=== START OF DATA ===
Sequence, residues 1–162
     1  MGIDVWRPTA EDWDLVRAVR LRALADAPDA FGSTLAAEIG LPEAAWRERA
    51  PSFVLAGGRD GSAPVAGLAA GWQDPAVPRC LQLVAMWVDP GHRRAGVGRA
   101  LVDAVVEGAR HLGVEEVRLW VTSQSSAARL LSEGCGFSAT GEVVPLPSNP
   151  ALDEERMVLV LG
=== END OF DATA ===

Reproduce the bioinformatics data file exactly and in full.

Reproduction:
Sequence, residues 1–162
     1  MGIDVWRPTA EDWDLVRAVR LRALADAPDA FGSTLAAEIG LPEAAWRERA
    51  PSFVLAGGRD GSAPVAGLAA GWQDPAVPRC LQLVAMWVDP GHRRAGVGRA
   101  LVDAVVEGAR HLGVEEVRLW VTSQSSAARL LSEGCGFSAT GEVVPLPSNP
   151  ALDEERMVLV LG